Israel suspended ties with the UN agency for adopting a resolution said to deny Jewish ties to the region’s holy sites.
NEWS BRIEF Israel suspended ties with UNESCO Friday after the UN’s cultural agency passed a resolution criticizing Israeli policy surrounding religious sites in East Jerusalem and the West Bank and using language Israel says denies Jewish ties to the region’s holy sites.
The draft decision, put forward by Algeria, Egypt, Lebanon, Morocco, Oman, Qatar, and Sudan, begins by asserting the religious significance of “the Old City of Jerusalem and its Walls for the three monotheistic religions.” The contention, however, arises with the remainder of the document, and the wording it uses. When the draft gets to the Temple Mount—known in Arabic as Haram al-Sharif and in Hebrew as Har HaBayit— the document refers to the site only using its Islamic name, despite the fact the location is home to the holiest site in Judaism and the third holiest site in Islam.
The document criticized actions taken by Israel, which it refers to as the “occupying Power,” around the holy sites, including restriction of UNESCO experts’ access to sites and actions by Israeli forces against Muslim worshipers. Israel has occupied the West Bank since the war of 1967 and annexed East Jerusalem, which the Palestinians claim as their future capital, that same year. This move, however, has not been recognized under international law. Israel claims all of Jerusalem as its capital.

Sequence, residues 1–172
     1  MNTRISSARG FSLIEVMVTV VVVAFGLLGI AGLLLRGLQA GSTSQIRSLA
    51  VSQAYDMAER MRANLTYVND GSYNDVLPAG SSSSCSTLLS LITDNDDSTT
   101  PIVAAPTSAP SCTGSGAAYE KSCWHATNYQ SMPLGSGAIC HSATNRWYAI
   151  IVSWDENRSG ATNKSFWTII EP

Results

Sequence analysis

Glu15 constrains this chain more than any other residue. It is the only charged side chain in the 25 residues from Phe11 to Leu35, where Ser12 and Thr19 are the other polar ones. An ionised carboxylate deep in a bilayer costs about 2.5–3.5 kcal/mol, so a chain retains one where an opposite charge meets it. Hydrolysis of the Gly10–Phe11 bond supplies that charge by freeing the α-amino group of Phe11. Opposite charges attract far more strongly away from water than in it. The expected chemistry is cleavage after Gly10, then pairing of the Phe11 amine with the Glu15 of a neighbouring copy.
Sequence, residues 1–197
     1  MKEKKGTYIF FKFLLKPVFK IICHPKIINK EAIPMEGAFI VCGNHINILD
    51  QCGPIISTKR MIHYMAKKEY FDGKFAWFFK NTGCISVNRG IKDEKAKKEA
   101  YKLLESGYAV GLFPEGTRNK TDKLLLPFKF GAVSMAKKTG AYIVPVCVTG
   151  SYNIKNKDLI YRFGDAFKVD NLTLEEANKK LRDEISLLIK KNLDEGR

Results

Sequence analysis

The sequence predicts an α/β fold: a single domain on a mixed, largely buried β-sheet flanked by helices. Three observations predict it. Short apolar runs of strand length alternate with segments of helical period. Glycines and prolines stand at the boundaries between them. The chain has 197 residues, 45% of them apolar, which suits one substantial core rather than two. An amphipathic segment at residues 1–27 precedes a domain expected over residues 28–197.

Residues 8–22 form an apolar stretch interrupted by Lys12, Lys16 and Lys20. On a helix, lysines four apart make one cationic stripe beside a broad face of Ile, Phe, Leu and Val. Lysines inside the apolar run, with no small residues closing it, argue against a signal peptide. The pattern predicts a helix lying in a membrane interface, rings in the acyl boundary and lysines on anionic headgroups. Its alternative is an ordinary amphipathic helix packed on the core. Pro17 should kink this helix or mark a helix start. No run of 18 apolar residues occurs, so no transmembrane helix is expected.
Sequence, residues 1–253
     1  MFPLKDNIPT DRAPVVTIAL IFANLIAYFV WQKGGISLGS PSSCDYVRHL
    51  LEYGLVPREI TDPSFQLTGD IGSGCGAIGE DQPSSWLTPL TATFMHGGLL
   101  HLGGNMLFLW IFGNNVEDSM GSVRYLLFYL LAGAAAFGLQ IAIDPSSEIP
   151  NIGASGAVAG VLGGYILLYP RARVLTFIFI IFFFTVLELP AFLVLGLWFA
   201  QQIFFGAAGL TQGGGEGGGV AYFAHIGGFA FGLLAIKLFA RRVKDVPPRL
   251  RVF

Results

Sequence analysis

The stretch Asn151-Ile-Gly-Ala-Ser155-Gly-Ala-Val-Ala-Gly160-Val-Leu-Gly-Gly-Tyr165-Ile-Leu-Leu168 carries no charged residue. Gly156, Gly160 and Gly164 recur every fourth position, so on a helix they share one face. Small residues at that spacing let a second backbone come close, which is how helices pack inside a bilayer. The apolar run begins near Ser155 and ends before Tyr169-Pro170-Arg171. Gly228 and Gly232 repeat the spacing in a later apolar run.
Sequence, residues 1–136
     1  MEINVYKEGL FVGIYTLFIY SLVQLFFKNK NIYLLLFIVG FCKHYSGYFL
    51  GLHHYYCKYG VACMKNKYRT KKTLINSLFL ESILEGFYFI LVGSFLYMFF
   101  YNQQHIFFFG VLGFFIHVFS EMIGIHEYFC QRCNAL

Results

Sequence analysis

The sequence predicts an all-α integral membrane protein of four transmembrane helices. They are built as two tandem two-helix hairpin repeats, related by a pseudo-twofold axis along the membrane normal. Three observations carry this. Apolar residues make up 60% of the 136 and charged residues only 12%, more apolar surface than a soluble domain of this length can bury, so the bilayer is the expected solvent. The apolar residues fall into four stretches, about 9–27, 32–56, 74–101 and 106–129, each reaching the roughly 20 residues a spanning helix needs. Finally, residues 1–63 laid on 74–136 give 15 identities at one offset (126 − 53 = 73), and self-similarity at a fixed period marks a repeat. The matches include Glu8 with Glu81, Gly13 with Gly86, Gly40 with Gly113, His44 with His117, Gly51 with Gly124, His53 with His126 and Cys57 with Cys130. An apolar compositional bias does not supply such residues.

Twenty-four countries voted in favor of the UNESCO draft resolution, with 26 abstaining. Six countries, including the United States, Britain, Germany, Lithuania, and Estonia, voted against it.
Benjamin Netanyahu, the Israeli prime minister, condemned UNESCO’s passage of the resolution as a “delusional decision that states that the Jewish People have no connection to the Temple Mount or the Western Wall. ”
The Palestinian Authority praised the resolution, but condemned Israel for shifting “the focus from Israel’s illegal and colonial actions in occupied East Jerusalem to issues irrelevant to the content and objectives of the resolutions, which aims to put an end to Israel’s dangerous and illegal actions against holy sites in Jerusalem and Palestinian rights, including the right to worship.”
Irina Bokova, UNESCO’s director-general, reaffirmed UNESCO’s commitment to fostering tolerance and respect for Jerusalem’s history in a statement Friday, though she did not mention the controversy around the resolution directly.
“To deny, conceal or erase any of the Jewish, Christian or Muslim traditions undermines the integrity of the site, and runs counter to the reasons that justified its inscription on the UNESCO World Heritage list,” Bokova said. She added: “The recognition, use of and respect for these names is paramount. The Al Aqsa Mosque / Al-Haram al-Sharif, the sacred shrine of Muslims, is also the Har HaBayit—or Temple Mount—whose Western Wall is the holiest place in Judaism, a few steps away from the Saint Sepulcher and the Mount of Olives revered by Christians.”
This latest incident illustrates just how loaded language remains in both Israeli and Palestinian narrative—from the more serious contention over whether the West Bank should be referred to as part of Palestine or as Judea and Samaria, to the seemingly innocuous debate over how to properly pronounce hummus.